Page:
L370 Criminology BA Undergraduate 2018
|Mode of study||Full Time|
|Typical Offers||A Level|
|Please also check Requirements and Admissions.|
|Telephone||+44 (0)191 334 6827|
The course overall progressively develops your critical understanding of criminology through the examination of key concepts and theory. This is enhanced further through development of core methodological skills so that students advance key analytical skills and expertise. In essence in taking the course you will be able to confidently analyse complex criminological questions and present them in a highly academic and scholarly fashion.
Modules provide you with a core grounding in criminological theory and concepts, social research methods, as well as specific topics on crime, deviance and criminal justice. Please note all modules are subject to change.
In previous years modules have included:
Candidates shall also study and be assessed in modules to the value of 20 credits from Level 1 open modules offered by The Board of Studies of the School of Applied Social Sciences or another Board of Studies (including appropriate credit-bearing language modules offered by the Centre for Foreign Language Study).
You will build on and extend your criminological knowledge further developing core skills in research. Modules now become more specialised and the questions surrounding criminological enquiry become more focused and intense. The theoretical detail of criminological enquiry is expanded in both the core theory and methods modules.
You will study:
- Contemporary Criminological Theory
- Social Research Methods.
Depending on module choice, you may also study topics such as:
- Sociology of Social Exclusion
- Crime, Power and Social Inequalities
- Sport, Crime and Deviance
- Media, Sport and Society
- Sports Development: Policies and Practices
- Self, Identity and Society
- Modules to the value of 20 credits from open modules offered by another Board of Studies (including appropriate credit-bearing language modules offered by the Centre for Foreign Language Study).
You will concentrate on more complex criminological issues and themes and will also take a double module Dissertation, which provides an opportunity to explore a criminological topic in greater depth.
Depending on module choice, specific study can include:
- Issues in Criminal Justice
- Cybercrime: Crime in the Information Age
- Sociology of Punishment
- Sociology of Forensic Science and Criminal Investigation
- Drugs, Crime and Society
- Sociology of Gender and Sexuality
- Rural Studies and Social Policy
- Social Policy
- Sociology of Work and Professions
- Crime, Justice and the Sex Industry
- Sociology of Health and Medicine
- Sports Policy in Action
- Modules to the value of 20 credits offered within the School or from another Board of Studies (including appropriate credit-bearing language modules offered by the Centre for Foreign Language Study).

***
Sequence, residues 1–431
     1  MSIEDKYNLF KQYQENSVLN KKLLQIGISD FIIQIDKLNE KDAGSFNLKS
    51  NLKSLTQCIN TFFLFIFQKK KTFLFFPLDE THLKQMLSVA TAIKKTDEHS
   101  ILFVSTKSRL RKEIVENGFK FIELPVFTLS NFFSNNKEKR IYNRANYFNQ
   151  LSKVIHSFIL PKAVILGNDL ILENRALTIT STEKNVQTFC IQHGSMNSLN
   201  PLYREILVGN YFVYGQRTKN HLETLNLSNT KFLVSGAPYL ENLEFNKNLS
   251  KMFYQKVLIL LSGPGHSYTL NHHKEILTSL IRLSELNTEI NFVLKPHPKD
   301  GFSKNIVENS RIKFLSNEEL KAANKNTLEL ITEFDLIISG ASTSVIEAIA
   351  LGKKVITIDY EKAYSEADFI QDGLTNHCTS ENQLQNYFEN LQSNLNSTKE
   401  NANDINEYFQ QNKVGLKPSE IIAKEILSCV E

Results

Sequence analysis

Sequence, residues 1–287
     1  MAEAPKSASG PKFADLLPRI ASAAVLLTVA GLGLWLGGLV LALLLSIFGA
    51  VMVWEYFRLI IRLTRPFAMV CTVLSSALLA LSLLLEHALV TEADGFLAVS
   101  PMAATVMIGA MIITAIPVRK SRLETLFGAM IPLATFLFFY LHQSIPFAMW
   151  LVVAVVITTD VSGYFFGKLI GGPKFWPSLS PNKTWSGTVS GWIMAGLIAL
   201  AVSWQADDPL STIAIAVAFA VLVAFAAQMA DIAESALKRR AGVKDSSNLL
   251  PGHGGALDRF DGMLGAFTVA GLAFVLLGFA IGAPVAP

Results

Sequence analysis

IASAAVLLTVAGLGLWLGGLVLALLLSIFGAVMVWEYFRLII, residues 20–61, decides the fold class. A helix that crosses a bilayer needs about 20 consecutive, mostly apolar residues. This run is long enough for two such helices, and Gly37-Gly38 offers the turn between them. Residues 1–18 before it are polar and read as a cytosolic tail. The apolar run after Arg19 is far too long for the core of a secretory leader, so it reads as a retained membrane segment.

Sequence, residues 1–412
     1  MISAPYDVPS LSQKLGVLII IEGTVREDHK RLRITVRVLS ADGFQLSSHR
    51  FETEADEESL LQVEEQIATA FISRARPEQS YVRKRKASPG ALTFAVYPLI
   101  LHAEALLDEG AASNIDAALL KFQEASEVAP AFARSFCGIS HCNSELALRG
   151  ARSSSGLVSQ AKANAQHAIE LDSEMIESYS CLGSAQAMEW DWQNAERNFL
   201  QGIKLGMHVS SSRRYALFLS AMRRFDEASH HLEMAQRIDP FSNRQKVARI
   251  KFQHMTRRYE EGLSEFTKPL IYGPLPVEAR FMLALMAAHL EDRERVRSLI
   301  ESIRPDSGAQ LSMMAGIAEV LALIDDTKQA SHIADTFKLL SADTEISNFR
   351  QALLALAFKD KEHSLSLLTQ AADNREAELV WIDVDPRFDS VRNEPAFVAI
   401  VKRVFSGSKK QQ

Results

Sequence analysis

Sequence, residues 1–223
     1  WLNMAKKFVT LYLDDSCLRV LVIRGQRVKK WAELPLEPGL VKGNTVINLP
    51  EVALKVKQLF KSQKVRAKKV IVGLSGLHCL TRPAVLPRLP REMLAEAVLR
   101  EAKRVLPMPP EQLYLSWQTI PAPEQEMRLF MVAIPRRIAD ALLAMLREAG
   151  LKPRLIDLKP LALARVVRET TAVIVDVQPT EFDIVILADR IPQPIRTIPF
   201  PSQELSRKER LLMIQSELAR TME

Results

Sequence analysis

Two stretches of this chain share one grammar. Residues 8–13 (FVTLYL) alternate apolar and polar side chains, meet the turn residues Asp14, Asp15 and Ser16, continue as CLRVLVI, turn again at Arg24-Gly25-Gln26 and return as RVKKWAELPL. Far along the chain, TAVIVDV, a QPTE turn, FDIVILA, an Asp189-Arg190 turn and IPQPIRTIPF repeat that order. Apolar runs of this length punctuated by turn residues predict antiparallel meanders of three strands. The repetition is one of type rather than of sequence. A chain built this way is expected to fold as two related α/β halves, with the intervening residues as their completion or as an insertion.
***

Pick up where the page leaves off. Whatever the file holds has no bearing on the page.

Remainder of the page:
You can find out more about this course by watching our film.
Sociology and Criminology
We are part of the SOCRATES/ERASMUS programme which encourages students to study for part of their course in a university of another EU country.
We currently have links with the universities of Helsinki in Finland and Duisburg-Essen in Germany. Students can also apply to the university-wide international exchange programme with universities in North America, Asia, Australia and New Zealand.
To find out more about the modules available to students studying at Durham University please click here.
Please note: Current modules are indicative. Information for future academic years may change, for example, due to developments in the relevant academic field, or in light of student feedback.
Course Learning and Teaching
The BA Sociology, BA Criminology programmes are delivered through a mixture of lectures, seminars, research-based workshops, individual supervision of research based assignment and guided individual work through learning technologies such as DUO.
Lectures provide key information on the key conceptual tools, methodologies, research and scholarship in the subject area. They also expose students to the skills of research synthesis and note taking.
Seminars are intended as guided, small group discussions of the subject area. They rely on independent study outside the programme’s formal contact hours to be effective. They provide key learning scaffolding opportunities for students’ development of skills of conceptualisation and contextualisation, which are key for these programmes. Students also develop public speaking skills and research synthesis abilities.
Research based workshops allow the students to gain hands-on experience of research in the subject area and to develop practical skills in the method of social research in the context of small group discussion and team working. They are also useful for developing team working skill and information gathering and analysis skills.
In this final year of the programme, the dissertation module provides an opportunity to put into practice research skills developed in earlier years. While this project is a largely independent piece of study, students receive four hours of one-to-one supervision with an academic member of staff in addition to workshops and group sessions designed to address common themes and allow students to share ideas and experiences of undertaking independent research.
The balance of these learning contexts changes over the course of the programme, as students develop their knowledge and understanding of the subject area, and increase their confidence and abilities as independent, autonomous and critical learners. This is crucial not only for their integration in the community of social scientists but also for success in diverse professional and working environments, or further study.
In the first year students will establish a fundamental knowledge and understanding of key concepts and issues relating to core disciplines within the sociology or criminology. At level one, students are expected to attend an average of 6 hours of lectures per week, and around 6 hrs of small group-based teaching fortnightly in terms 1 and 2 (e.g. seminars, practical workshops). Outside timetabled contact hours, students are also expected to undertake their own independent study to prepare for their classes and broaden their subject knowledge.